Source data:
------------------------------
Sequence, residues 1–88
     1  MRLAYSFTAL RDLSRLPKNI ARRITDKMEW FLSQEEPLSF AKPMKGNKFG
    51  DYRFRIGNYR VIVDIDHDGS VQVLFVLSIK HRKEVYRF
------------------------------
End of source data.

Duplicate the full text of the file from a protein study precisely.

Sequence, residues 1–88
     1  MRLAYSFTAL RDLSRLPKNI ARRITDKMEW FLSQEEPLSF AKPMKGNKFG
    51  DYRFRIGNYR VIVDIDHDGS VQVLFVLSIK HRKEVYRF